...front of me all of these micro yesesthat we need are dramatically made on a subconscious level and that's to saythe more primitive parts of our brain that tend to be visual and emotional innature right. The most advanced part of our brain is the conscious rationalthought. It requires the most labor and therefore our brain and our body don'tlike to kick decisions up to that layer. So over ninety percent of our decisions,research varies, but it's all almost all over ninety percent. Our decisionsare made subconsciously, and so, when we can create these much more emotionalmoments and again i don't mean that you're emoting in some passionate orsad or dramatic, or overly happy kind of a way. I just mean when we speak topeople with the full range of our expression, our face our voice, ourbody, all of the non verbal cues that are expressed through our face are, aresubconscious, is constantly expressed through our face and we're constantlyreading the subconscious of others through their faces. It informs thisprocess. It's what builds trust it establishes empathetic feelings. Itestablishes kinship all these things that we want, and so this idea ofletting the same black text on the same white screen represent you when youcould just as easily hit record and talk to somebody using your web, camyou're missing a huge opportunity to push a lot of these buttons that humanbrains needed want in order to make truly informed in completely informeddecisions, and so that's all on kind of your side and the benefits to you. Thelast thing i'll say that also benefits to you, but it's more about the otherperson or the other people is that when you take forty six seconds out of yourday to say, hey joe thanks so much for the introduction to sarah, we had agreat conversation. You were exactly right about. You know what we have incommon or how much she needs our service or whatever the introductionsfor right. If i take forty six seconds out of my morning or my afternoon andsend you a thank you, video with one or two reasons, why am appreciative forsomething you did for me and you could do this with your employees? You coulddo with your clients, you could do with your friend. You did anybody if yousimply used video messages to express gratitude once or twice or three timesa day, ay it's going to be a huge benefit to you, it's very healthy foryou to express gratitude, but be these other people are going to feel seen andheard and appreciated in a way that even a typed out email won't do. It issimilar to a handwritten note right. The handwritten note does two things.It says one i made this just for you right, there's, no faking the fact thati didn't mass produce this hand written not. Now there are services that willfake hand, written notes, that's a whole separate topic for a separateconversation, just your facial expression. I know that we're on thesame page about faking, a handwritten note it just to me. It just breaks thewhole spirit of that of the affec yeah, so it says i made this just for you andthen also puts your personality on the page. You and i joe, could have thesame favor done by a common person. We both write a handwritten, no exact samewordsi, but just looking at it on the page, it's going to feel different, butfurther we're not going to write the same words, so we're going to uselanguage a little bit differently, and so it's a completely unique experience.I made this just for you and my personality is on the page. A videomessage is the modern day handwritten note when used as a gratitude message,because there's no faking that i spent that forty six seconds and whatever ittook before that to think about what i was going to say and you get to see it,you get to hear it. You get to experience it in a much more completeand human way than if i had just typed it up as an email, or you know, sent itover as a linked on message or texted it to you or whatever, and typicallystick in a moji or in a motorcar on the back end of it to kind of like punch itup and try to make it a little bit more human. So this idea of allowing otherpeople whether to thank you message or any other message, this idea ofspeaking directly to one other person in a video message, a it's stillshockingly early in this movement, not enough people are doing it s. The actalone is going to be differentiating the real, powerful human element theni'll give it back to you is that you...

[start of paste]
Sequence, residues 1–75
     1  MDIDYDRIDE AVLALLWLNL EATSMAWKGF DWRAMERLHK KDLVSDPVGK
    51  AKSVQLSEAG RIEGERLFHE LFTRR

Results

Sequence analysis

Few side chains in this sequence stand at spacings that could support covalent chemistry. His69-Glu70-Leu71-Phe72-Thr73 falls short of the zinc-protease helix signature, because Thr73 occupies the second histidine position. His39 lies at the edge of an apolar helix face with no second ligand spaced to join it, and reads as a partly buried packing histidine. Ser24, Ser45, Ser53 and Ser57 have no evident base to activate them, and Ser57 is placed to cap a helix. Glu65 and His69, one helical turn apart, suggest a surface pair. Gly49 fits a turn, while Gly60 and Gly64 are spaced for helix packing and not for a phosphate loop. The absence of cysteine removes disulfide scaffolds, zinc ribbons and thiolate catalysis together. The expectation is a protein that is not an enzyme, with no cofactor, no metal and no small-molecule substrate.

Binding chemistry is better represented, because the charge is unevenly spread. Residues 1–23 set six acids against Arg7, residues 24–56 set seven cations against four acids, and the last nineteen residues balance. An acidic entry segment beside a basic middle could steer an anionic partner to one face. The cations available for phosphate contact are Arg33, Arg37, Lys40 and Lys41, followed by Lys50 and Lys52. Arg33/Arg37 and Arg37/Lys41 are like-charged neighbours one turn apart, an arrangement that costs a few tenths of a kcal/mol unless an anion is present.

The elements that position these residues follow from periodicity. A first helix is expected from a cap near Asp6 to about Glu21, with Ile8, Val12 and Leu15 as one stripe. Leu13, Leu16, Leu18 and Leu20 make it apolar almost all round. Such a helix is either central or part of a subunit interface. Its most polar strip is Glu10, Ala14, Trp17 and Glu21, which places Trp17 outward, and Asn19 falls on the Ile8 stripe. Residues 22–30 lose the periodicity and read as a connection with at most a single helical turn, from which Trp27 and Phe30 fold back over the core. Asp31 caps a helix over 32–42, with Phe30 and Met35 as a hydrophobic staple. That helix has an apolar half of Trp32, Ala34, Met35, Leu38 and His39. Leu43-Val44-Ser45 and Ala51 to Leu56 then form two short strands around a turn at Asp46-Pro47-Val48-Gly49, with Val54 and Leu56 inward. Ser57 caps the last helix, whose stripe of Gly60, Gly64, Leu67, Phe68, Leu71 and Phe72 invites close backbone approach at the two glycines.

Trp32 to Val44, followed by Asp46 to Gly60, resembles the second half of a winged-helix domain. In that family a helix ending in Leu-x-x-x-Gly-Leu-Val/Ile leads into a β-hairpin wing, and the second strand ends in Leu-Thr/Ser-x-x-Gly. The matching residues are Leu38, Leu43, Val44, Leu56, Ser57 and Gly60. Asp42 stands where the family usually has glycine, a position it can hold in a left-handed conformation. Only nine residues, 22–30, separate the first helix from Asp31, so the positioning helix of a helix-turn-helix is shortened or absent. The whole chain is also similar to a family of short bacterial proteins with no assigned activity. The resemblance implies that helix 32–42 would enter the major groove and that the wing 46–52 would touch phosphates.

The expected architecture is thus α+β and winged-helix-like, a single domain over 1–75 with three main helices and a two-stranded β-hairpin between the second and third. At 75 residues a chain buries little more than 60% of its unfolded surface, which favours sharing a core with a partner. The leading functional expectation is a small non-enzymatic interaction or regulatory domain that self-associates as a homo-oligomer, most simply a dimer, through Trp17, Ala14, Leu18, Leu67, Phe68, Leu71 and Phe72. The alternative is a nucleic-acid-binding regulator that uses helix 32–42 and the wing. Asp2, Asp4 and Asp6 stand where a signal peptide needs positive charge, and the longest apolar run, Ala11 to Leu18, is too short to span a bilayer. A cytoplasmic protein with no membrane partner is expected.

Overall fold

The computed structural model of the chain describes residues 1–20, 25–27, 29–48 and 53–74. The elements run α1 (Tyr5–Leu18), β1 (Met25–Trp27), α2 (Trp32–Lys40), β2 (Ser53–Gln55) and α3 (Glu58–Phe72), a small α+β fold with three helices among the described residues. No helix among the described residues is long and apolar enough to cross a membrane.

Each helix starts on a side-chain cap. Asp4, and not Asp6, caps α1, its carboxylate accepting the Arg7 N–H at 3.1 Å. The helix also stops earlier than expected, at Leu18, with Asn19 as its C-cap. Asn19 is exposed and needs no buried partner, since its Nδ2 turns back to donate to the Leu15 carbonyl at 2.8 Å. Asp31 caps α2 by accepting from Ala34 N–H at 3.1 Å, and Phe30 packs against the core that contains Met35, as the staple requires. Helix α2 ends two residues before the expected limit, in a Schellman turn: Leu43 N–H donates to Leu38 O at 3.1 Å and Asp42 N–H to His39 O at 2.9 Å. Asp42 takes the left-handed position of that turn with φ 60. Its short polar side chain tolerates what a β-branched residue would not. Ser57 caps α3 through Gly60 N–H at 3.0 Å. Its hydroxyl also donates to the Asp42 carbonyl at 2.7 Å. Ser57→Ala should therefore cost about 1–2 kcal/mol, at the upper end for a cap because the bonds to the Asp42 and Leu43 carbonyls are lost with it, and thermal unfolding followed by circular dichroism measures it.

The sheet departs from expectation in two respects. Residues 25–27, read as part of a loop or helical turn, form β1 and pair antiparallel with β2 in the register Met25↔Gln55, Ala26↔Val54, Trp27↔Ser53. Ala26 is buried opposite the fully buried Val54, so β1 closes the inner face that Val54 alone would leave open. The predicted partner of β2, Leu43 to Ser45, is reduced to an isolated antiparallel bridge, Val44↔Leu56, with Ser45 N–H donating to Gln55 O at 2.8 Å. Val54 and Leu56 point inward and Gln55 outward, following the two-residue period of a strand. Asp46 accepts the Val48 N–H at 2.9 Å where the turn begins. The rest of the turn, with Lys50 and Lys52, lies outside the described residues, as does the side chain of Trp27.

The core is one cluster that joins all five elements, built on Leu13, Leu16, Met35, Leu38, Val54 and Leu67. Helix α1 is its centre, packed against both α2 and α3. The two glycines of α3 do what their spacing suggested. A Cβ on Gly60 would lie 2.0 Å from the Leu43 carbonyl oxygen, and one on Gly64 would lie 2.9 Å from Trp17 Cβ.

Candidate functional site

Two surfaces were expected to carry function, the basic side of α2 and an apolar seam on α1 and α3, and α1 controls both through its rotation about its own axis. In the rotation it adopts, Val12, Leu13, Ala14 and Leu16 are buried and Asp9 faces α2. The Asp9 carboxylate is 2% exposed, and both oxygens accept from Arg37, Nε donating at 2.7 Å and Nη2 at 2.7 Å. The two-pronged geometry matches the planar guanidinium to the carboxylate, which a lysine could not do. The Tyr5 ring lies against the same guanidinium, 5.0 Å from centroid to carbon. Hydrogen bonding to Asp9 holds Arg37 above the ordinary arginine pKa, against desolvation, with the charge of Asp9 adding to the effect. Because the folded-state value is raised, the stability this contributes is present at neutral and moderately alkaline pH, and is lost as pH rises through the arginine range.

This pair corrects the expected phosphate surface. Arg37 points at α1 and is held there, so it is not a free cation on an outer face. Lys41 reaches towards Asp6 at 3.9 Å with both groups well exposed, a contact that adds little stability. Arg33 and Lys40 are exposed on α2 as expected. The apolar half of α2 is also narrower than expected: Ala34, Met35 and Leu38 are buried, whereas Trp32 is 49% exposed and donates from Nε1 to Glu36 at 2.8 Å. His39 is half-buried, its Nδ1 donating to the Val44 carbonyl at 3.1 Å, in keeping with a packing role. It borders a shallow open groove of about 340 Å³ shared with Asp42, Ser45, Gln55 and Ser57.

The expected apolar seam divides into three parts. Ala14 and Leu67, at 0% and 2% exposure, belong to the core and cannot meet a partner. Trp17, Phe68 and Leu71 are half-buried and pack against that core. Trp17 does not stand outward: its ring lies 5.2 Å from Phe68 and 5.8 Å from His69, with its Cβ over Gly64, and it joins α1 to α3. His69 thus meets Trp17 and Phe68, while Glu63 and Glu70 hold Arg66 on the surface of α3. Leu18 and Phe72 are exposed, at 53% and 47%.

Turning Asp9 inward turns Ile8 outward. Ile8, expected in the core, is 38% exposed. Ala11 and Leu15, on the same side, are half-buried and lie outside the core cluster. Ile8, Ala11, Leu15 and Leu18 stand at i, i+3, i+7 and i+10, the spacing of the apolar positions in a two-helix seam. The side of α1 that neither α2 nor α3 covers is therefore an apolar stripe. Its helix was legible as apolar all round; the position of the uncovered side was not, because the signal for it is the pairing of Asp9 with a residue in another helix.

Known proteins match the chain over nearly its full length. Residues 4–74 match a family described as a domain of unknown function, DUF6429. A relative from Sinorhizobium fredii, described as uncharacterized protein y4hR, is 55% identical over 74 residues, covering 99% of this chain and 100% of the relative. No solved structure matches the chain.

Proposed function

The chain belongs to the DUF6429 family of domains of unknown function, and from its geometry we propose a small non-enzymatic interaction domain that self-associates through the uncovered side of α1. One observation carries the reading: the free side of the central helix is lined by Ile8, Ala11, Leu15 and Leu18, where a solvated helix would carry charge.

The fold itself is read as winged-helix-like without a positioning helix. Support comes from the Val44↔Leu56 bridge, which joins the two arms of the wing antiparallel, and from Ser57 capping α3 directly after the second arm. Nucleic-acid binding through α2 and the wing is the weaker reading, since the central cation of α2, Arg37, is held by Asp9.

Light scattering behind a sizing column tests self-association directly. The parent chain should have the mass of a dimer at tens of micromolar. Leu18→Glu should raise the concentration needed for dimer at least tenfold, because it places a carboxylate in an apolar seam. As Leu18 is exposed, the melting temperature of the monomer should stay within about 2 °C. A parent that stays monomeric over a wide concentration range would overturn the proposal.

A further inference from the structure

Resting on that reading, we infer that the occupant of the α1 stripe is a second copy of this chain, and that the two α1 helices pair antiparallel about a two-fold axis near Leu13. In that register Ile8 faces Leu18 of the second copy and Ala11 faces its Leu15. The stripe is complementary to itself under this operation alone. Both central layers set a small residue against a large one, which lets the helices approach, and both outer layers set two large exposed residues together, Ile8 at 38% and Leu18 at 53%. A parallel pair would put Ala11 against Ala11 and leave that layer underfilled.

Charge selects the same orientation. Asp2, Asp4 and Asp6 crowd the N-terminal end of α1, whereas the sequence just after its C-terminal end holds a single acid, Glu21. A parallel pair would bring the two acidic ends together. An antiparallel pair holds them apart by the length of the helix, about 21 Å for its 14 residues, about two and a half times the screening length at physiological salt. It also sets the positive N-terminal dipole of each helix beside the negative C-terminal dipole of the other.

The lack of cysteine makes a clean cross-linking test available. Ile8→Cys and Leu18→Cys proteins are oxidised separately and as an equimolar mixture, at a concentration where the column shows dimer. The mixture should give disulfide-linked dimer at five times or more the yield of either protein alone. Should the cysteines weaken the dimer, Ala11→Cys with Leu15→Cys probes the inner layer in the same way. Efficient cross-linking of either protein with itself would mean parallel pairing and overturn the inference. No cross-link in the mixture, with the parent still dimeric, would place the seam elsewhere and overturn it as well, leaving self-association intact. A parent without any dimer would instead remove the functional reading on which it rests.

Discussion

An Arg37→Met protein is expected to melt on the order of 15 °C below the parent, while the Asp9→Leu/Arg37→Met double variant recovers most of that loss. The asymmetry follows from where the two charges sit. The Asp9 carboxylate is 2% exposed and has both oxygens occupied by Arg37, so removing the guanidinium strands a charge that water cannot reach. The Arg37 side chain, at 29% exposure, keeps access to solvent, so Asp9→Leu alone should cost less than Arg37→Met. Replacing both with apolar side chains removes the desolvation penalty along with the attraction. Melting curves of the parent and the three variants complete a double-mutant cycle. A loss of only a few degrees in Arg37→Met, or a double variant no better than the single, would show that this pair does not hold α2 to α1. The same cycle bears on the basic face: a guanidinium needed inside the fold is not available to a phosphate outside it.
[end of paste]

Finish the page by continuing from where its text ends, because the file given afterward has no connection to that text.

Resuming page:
...are letting someone know that you seethem. You hear them, you understand them, you respect them. You appreciatethem when you look them in the eye through the camera lens and speakspecifically to their need or want or opportunity or challenge or question oragain a message of gratitude in that creates this moment. That buildspsychological, nearness and appreciation toward you. That is abenefit to both parties, because trust- and i think it's some layer- gratitudeare the currency of all commerce of the economy in general, and there there wassome powerful stuff in there eating. That was really well sad. That wasawesome. I completely agree with everything you said there and you justinspired me. I think to i'm a guy who uses a lot of video messaging franklyby you know, in terms of when you look at it in the context of the rest of thebusiness world, but some of the the things you said they're just to thankyou for an intro like just as opposed to you know, as opposed to respondingback to an employee or co worker, about something like just sending him apersonal message and are saying thanks for helping me out with this thing orhe you really crushed it on that presentation earlier today, and theseare a few things i think you did really well or whatever i mean i can see i canlike just. I could see all the applications where i could be doingmore of this and and yeah the appreciation that probably comes fromthat on the other. End is really meaningful. Well, so add one moretactic to that and then we can move on. I keep a notebook. I'm got, i'm ahandwritten guy, i've always taken by hand etcetera. So i keep a notebook athand and when i hear a team members name so like i'm in our seniorleadership meetings have bombum and, if i hear say a frontline customer successmanager or a frontline business development rap. If i hear their namementioned in a senior leadership meeting a i don't work with thosepeople directly, i sometimes will have contact with them a lot less sincewe've been in the been out of the office, but i'll write that down. If isee something on linked in i'll write that down, if i, if i'm reif itsomething comes to mind, if someone comes to mind i'll write that down andthen i'll just block fifteen minutes one morning and just knock out five orsix of these like thank you or i was thinking about you or hey. I justremember this awesome time when, in that way, a you're developing kind ofagain at this healthy habit of gratitude in general, but be you'remaking it easy on yourself. Because of what has happened to me until i startedthat habit is someone comes to mind or you're appreciative of someone likemaybe out, on a walk. I run and hike and walk a lot and i'll be out on awalk or run or a hike in like these things will kind of come and go, but ican't act on them in the moment, and so they just escape me and so by writingthem down, and then just you know a couple times a week. Making theselittle fifteen minute blocks, i'm able to share these thoughts and feelingswith people that make my work more meaningful. I'm sure they, i don'tthink of it into transactional way, but i know i just have confidence thatthere's a transactional benefit to it that people are more likely to say yesto some of those microsis. I was talking about before and return thefavor and they'll feel awesome about it too or they'll feel encouraged orthey'll get. The message i mean some of these can be corrective messages ofconcern or feedback or whatever, and instead of waiting for that next one onone meeting were with your direct report: you can give feedback along theway and when you do it by speaking it you can include some of that you can.You can soften the blow a little bit. I mean you c n, when you type a messageout you're, giving away complete control over how the message is read ifyou type out a message, even if you're completely well meaning and someonewakes up on the wrong side of the bed, where they just got bad news abouttheir wife or their parent or something or you know something negative hashappened or, on the other hand, something super positive, as happenedthey're going to read your message differently, give away all controlthere and so, for example, some of our customers are college professors, if anumber of college professors who use it a to introduce themselves to theirvirtual classes, but then be as they're giving feedback on projects. And, ofcourse this applies to any manager. Who's trying to e manage behaviormanage performance, manage outcomes...